• ThesisItemOpen Access
    STUDY ON THE LEVEL OF UTILIZATION OF RESOURCE CONSERVATION TECHNOLOGIES BY THE FARMERS OF EAST SIANG DISTRICT IN ARUNACHAL PRADESH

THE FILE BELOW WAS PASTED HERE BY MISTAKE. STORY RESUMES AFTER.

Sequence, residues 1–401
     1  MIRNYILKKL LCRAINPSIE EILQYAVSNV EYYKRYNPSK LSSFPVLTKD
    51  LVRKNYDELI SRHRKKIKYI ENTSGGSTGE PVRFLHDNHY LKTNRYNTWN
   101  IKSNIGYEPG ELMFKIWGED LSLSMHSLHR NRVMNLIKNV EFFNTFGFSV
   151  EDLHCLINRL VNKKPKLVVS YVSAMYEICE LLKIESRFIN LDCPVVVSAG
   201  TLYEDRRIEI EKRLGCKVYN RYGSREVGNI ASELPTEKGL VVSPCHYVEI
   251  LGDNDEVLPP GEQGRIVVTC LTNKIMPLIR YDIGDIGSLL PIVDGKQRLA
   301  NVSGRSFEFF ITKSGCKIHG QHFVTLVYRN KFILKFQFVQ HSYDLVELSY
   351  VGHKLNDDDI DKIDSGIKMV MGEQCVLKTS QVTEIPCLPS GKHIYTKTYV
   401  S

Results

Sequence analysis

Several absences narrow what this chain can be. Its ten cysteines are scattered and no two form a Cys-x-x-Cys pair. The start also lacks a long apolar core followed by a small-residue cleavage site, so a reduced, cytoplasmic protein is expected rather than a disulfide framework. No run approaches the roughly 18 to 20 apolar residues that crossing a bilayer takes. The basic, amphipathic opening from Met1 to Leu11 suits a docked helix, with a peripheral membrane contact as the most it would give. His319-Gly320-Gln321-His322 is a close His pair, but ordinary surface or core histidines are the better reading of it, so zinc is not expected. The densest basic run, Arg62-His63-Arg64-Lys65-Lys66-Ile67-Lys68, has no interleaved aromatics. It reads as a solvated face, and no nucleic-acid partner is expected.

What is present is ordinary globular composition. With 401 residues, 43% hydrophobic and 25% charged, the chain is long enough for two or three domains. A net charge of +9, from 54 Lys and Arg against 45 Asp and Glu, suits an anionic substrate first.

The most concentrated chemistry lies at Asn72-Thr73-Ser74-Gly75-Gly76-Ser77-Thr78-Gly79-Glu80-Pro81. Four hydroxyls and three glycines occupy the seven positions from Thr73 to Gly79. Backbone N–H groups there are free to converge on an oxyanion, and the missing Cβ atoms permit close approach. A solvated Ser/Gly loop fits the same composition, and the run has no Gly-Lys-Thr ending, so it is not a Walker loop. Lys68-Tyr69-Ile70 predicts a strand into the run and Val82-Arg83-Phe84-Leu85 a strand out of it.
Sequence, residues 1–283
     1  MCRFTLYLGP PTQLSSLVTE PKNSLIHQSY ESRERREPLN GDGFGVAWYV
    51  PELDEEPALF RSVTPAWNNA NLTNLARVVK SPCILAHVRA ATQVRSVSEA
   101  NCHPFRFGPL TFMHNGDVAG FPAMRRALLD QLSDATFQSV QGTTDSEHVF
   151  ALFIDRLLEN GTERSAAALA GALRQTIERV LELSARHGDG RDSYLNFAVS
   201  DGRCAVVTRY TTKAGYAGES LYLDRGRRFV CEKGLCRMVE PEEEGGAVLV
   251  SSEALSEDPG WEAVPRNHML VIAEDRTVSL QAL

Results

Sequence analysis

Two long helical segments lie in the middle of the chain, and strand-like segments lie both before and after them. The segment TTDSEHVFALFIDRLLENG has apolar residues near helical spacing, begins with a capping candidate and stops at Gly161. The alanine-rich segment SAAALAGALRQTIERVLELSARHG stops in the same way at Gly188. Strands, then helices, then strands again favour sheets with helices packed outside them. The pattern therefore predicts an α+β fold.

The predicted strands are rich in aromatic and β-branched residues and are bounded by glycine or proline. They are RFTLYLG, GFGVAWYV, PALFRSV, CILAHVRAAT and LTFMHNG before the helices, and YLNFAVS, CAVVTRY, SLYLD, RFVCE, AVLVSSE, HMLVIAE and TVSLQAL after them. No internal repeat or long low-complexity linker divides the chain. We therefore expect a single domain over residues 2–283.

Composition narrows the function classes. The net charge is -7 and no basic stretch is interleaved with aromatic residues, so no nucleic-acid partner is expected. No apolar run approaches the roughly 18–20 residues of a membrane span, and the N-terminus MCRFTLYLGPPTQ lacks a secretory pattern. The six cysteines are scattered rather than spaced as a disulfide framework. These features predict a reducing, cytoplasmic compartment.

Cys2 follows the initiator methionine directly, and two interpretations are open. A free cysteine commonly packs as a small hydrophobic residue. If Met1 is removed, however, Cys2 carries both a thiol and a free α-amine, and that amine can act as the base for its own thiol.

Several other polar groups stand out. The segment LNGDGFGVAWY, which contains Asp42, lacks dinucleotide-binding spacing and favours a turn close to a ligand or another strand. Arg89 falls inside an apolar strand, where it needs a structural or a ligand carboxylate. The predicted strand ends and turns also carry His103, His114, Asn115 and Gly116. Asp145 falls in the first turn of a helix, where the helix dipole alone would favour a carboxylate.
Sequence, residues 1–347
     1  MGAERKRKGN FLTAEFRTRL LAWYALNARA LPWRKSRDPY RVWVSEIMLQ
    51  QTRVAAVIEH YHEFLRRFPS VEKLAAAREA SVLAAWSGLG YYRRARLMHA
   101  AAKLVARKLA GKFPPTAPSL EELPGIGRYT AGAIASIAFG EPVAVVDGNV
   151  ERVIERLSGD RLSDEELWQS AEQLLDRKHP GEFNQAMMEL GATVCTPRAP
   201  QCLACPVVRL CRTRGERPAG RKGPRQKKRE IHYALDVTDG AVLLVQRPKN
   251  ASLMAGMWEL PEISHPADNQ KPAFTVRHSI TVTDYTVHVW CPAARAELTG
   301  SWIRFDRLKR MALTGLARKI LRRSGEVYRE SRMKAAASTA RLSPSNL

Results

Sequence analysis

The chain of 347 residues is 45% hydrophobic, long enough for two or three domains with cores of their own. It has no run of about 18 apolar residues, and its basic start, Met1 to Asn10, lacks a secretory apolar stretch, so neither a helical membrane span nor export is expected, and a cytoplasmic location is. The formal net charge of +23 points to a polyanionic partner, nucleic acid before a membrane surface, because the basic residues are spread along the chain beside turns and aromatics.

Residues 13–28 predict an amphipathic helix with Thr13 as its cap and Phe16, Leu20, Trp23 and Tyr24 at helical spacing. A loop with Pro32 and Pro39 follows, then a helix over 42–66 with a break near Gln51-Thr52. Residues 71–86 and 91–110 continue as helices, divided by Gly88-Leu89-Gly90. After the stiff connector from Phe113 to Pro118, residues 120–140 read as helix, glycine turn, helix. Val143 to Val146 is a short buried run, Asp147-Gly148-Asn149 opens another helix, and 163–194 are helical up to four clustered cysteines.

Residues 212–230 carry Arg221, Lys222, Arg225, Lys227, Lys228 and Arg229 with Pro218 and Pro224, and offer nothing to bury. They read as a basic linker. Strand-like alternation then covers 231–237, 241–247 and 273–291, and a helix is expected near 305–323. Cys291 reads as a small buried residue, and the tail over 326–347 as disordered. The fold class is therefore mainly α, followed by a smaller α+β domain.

(AAU, Jorhat, 2018-07) MOYONG, LUCY; Das, P. K.